This year's trial, in which Mr. Avenatti acted as his own lawyer and even asked Ms. Daniels about her beliefs in the supernatural as part of a cross-examination, reminded people of how they worked together to sue Mr. Trump. In that case, Mr. Avenatti said that Mr. Trump never signed a nondisclosure agreement that lawyers had given to Ms. Daniels in 2016, which made the agreement invalid. For a while, it seemed like Mr. Avenatti and Ms. Daniels couldn't be apart. They both showed up at the same time and said that Mr. Trump, who has denied Ms. Daniels' claims, was trying to scare and threaten her.

At the same time, Ms. Daniels signed a contract with St. Martin's Press for $800,000 to write a book called "Full Disclosure." Prosecutors showed proof that Mr. Avenatti had sent a fake letter to Ms. Daniels' literary agency with what looked like her signature, telling St. Martin's to send payments to a bank account he controlled.

Prosecutors say he used the money to pay his law firm's staff, buy plane tickets, eat out, and rent a Ferrari for about $3,900 a month. Prosecutors said that Mr. Avenatti sent Ms. Daniels about half of the money he got, but she never got the rest.

In a letter to Ms. Daniels from May 13 that was filed with the court, Mr. Avenatti apologized for his "actions and conduct" and said that he had let her down "in many ways," but he didn't say anything specific about taking money for a book advance.

Mr. Avenatti's lawyers asked for leniency by saying that he has always stood up for "the voiceless and powerless." In a letter to the court, they said that he had come from poor beginnings, worked his way through law school, and won more than $1 billion in settlements for his clients, who were often weak and old.

Those lawyers wrote that Mr. Avenatti took Ms. Daniels on as a client for $100 and a fee agreement that included a clause for "crowd-sourced reimbursement" of costs and expenses. He then became something of a "jack-of-all-trades legal fixer." They also said that he had helped Ms. Daniels with things like a lawsuit against a strip club in Florida and a false arrest claim against police in Ohio. They said that he did this "primarily with the resources of his firm."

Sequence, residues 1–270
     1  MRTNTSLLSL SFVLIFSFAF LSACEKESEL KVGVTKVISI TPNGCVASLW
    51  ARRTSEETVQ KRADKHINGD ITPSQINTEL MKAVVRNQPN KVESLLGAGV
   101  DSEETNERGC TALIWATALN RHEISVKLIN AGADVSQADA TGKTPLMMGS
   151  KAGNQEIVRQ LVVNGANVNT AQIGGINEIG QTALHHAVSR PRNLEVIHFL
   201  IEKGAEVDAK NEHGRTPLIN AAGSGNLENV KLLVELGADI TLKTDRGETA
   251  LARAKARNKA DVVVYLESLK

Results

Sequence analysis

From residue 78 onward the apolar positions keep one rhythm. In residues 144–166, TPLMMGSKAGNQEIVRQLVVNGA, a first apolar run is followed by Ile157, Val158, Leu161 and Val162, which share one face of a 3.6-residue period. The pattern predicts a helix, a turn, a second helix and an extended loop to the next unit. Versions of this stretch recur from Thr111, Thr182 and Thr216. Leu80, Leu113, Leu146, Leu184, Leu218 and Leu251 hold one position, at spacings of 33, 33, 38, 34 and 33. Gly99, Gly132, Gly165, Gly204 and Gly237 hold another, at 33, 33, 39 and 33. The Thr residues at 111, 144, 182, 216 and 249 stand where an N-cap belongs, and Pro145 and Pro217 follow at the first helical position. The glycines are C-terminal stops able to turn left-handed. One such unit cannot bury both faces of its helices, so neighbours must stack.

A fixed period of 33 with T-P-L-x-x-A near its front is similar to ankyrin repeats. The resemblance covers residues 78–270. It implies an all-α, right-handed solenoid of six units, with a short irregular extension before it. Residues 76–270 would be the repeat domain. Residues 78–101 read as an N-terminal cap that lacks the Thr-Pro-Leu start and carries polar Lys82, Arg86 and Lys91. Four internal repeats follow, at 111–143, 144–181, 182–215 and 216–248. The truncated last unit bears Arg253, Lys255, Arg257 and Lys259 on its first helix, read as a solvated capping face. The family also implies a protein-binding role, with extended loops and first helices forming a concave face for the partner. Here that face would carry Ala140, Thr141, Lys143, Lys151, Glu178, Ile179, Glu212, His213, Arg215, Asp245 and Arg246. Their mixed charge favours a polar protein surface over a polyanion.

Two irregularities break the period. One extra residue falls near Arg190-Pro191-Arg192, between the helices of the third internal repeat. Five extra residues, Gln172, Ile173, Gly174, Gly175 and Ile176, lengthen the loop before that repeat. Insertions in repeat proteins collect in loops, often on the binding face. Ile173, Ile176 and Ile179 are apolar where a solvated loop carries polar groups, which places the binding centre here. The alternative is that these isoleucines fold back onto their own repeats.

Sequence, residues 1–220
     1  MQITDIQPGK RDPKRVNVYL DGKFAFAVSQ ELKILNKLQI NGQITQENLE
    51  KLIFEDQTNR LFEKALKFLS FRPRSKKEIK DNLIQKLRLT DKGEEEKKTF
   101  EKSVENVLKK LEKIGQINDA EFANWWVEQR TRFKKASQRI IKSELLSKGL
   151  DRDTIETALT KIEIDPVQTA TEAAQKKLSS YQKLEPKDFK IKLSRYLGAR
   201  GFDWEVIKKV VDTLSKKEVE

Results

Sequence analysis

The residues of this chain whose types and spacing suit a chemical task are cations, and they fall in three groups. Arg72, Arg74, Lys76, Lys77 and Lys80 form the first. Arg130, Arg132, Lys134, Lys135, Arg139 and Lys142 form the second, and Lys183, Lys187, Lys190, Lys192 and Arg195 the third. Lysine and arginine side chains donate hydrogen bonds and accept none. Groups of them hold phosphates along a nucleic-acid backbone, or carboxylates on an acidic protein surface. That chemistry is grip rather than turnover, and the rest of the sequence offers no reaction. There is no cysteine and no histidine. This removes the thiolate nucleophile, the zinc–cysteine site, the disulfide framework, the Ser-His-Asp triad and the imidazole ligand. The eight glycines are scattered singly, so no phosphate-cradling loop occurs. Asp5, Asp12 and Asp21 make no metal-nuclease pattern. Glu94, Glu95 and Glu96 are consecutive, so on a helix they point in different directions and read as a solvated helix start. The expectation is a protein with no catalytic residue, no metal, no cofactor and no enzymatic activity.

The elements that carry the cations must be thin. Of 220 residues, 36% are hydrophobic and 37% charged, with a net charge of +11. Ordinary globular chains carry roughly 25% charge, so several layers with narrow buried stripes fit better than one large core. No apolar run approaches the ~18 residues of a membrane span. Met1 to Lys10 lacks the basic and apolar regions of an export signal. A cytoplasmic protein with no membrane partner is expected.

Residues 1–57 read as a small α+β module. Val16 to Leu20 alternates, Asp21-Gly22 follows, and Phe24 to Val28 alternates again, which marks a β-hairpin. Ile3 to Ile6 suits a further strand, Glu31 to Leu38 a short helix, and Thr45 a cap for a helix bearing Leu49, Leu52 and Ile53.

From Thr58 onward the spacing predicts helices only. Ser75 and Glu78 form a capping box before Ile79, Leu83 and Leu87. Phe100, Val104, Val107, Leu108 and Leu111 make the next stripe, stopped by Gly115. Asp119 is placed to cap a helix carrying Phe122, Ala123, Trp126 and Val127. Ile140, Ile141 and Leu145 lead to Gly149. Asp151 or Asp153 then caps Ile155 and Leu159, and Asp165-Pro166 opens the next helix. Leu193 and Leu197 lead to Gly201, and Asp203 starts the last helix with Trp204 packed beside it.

The memo said that Mr. Avenatti was "overwhelmed" by his relationship with Ms. Daniels. "It put a big strain on the rest of Mr. Avenatti's business, which was already having money problems."

In their own memorandum, prosecutors said that Mr. Avenatti was not required to represent Ms. Daniels, that he could have focused his practice on work that paid the bills, and that when he did agree to represent her, he got exactly what he wanted: "fame and a platform."

The prosecutors wrote, "The defendant did something very bad." "He took money from a client who trusted him and depended on him."

The prosecutors went on to say that Mr. Avenatti had a "shaky relationship with the truth" when he told the jury a story about how his father sold hot dogs at a ballpark when he was a teenager. They based this on his summary. The judge stopped him.

Later, prosecutors said, Mr. Avenatti told the whole story to reporters outside the courthouse. He said that his father's boss had told him to use mustard to hide broken hot dogs, and then he compared the government's case to the mustard.

Prosecutors said that the story probably didn't come from Mr. Avenatti's father.

"Instead," they wrote, "the story is one that a lawyer who works with Mr. Avenatti has told at trials in this district about his own experience selling hot dogs at Shea Stadium."